Commentary Human Rights

#SolidarityIsForTheAbleBodied, and Feminism’s Ableism Problem

Annamarya Scaccia

While the hashtag shined a light on how ableism is a systemic issue in all political and societal respects, it also revealed something that has long been known by some, but that has been unrecognized by others: that feminism has an ableism problem.

“The world, as imperfect as it is, it is not built for the disabled community,” Neal Carter said over the phone one late November morning.

At the time, it had been a few weeks since #SolidarityIsForTheAbleBodied trended on Twitter, and Carter, who was born with spina bifida, was explaining the motivation behind the hashtag he created. Both an extension of his #Ableism101 tag and a play on Mikki Kendall’s work starting #SolidarityIsForWhiteWomen, #SolidarityIsForTheAbleBodied aimed to spark a conversation among people with disabilities who “have to fight, and hard, to adapt … to fit into the world,” Carter, a political consultant who lives in Maryland, said.

More so, it was meant to uncover the ableism experienced daily by the one in five people in the United States who has a disability. Just take a quick scan of the hashtag on Twitter, and you’ll read tweet after tweet of inequitable treatment. Denied government benefits because you’re not “disabled enough”? Check. Confronted by a “take the stairs” campaign when you use a wheelchair? Check. Avoided visiting the doctor’s because it’s inaccessible? Check. Told your depression is nothing but temporary sadness and that you should “just smile”? Check.

While #SolidarityIsForTheAbleBodied shined a light on incidents of able-bodied privilege from across the globe, showing how ableism is a systemic issue in all political and societal respects, it also revealed something that has long been known by some, but that has been unrecognized by others: that feminism has an ableism problem.

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Plenty of well-known feminists have been known to use ableist speech—language invoking disability as a metaphor, typically in the pejorative. For instance, Caitlin Moran described her teenage self in her 2011 memoir, How to Be a Woman, as having “all the joyful ebullience of a retard.” On December 14, Lizz Winstead tweeted that President Obama is “surrounded by so many wildly gesturing loonies” in his day-to-day life, in response to the controversy surrounding the sign language interpreter at Nelson Mandela’s memorial. And last year Jezebel editor Jessica Coen defended against allegations that the blog is ableist by tweeting, “[T]he word ‘ableist’ is crazy and lame.”

In an article published earlier this year, Indiana University gender studies grad student Sami Schalk found that indirect ableism is “problematically habitual and historically consistent” in feminist texts, with feminists and women’s rights activists often invoking disability metaphors (such as “crippled,” “handicapped,” “lame,” “crazy,” and “insane”) to “represent inability, loss, and lack in a simplistic and uncritical way” for over a century.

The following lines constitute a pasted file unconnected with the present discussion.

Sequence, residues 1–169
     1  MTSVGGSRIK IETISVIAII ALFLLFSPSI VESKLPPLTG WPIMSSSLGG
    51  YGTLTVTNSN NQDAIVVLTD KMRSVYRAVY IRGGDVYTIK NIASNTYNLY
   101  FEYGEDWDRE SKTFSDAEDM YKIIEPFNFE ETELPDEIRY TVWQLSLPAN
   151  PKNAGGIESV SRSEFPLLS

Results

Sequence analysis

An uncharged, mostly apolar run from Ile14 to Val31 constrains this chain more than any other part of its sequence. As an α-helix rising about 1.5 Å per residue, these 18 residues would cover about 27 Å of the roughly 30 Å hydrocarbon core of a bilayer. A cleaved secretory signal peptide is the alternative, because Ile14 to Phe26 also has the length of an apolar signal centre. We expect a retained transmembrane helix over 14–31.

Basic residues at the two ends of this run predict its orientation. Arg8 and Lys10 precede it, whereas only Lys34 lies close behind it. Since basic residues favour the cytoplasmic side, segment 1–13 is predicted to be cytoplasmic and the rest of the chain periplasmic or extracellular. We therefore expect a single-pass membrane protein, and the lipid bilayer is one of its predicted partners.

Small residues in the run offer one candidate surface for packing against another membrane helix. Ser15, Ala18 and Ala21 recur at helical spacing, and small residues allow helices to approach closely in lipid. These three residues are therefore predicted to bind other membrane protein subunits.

“The continued use of mental health ableism, especially by progressives, is my personal bugbear,” Amadi Lovelace, an active participant in #SolidarityIsForTheAbleBodied, said earlier this month. She said she’s unfollowed “many major noted feminists” on social media because of it. “We’re acculturated to consider disability as always a negative. We’re acculturated to think [of] disability as conferring inferiority. We haven’t come to a place yet where we are accepting the equality of disabled people,” she said.

Ableist rhetoric is only an overt measure of feminism’s ableism problem, though. For many activists and feminists with disabilities, like Lovelace, able-bodied privilege within the feminist movement is more defined by disregarda dearth of conversations happening in the most prominent feminist outlets and among some of the more well-known feminists. 

Disregard for the barriers women with disabilities face accessing reproductive health care, especially in places like Texas, Arizona, Iowa, Michigan, and Ohio, where the number of reproductive health clinics has shrunk due to restrictive legislation.

Disregard for the higher rates of poverty, which both exacerbates and is exacerbated by disability. The U.S. Census Bureau reports that 21 percent of people with disabilities are living below the poverty level, which is 10 percent more than those who are able-bodied. And, according to the U.S. Department of Justice’s Bureau of Labor Statistics, 13.7 percent of women with disabilities were unemployed in 2012, nearly 7 percent more than able-bodied women.

Disregard for how sexuality, relationships, and caregiving take shape for people with disabilities, continuing the ubiquitous belief that people with disabilities are asexual.

Disregard for the intersection of race and disability—disabilities are most prevalent among American Indians and Alaska Natives (29.9 percent), followed by Black and African-Americans (21.2 percent), whites (20.3 percent), Hispanics (16.9 percent), Native Hawaiian and Pacific Islanders (16. percent), and Asians (11.6 percent).

Disregard for how feminist and social justice spheres are too often exclusive of or inaccessible to people with disabilities.

As Lovelace noted, there’s disregard for the higher rates of sexual violence experienced by people with disabilities.

And then there’s the fact that, as predicted by Twitter user @RobinsToyNet, the most prominent feminist blogs and news sites have given #SolidarityIsForTheAbleBodied little—if any—attention even a month after the topic trended.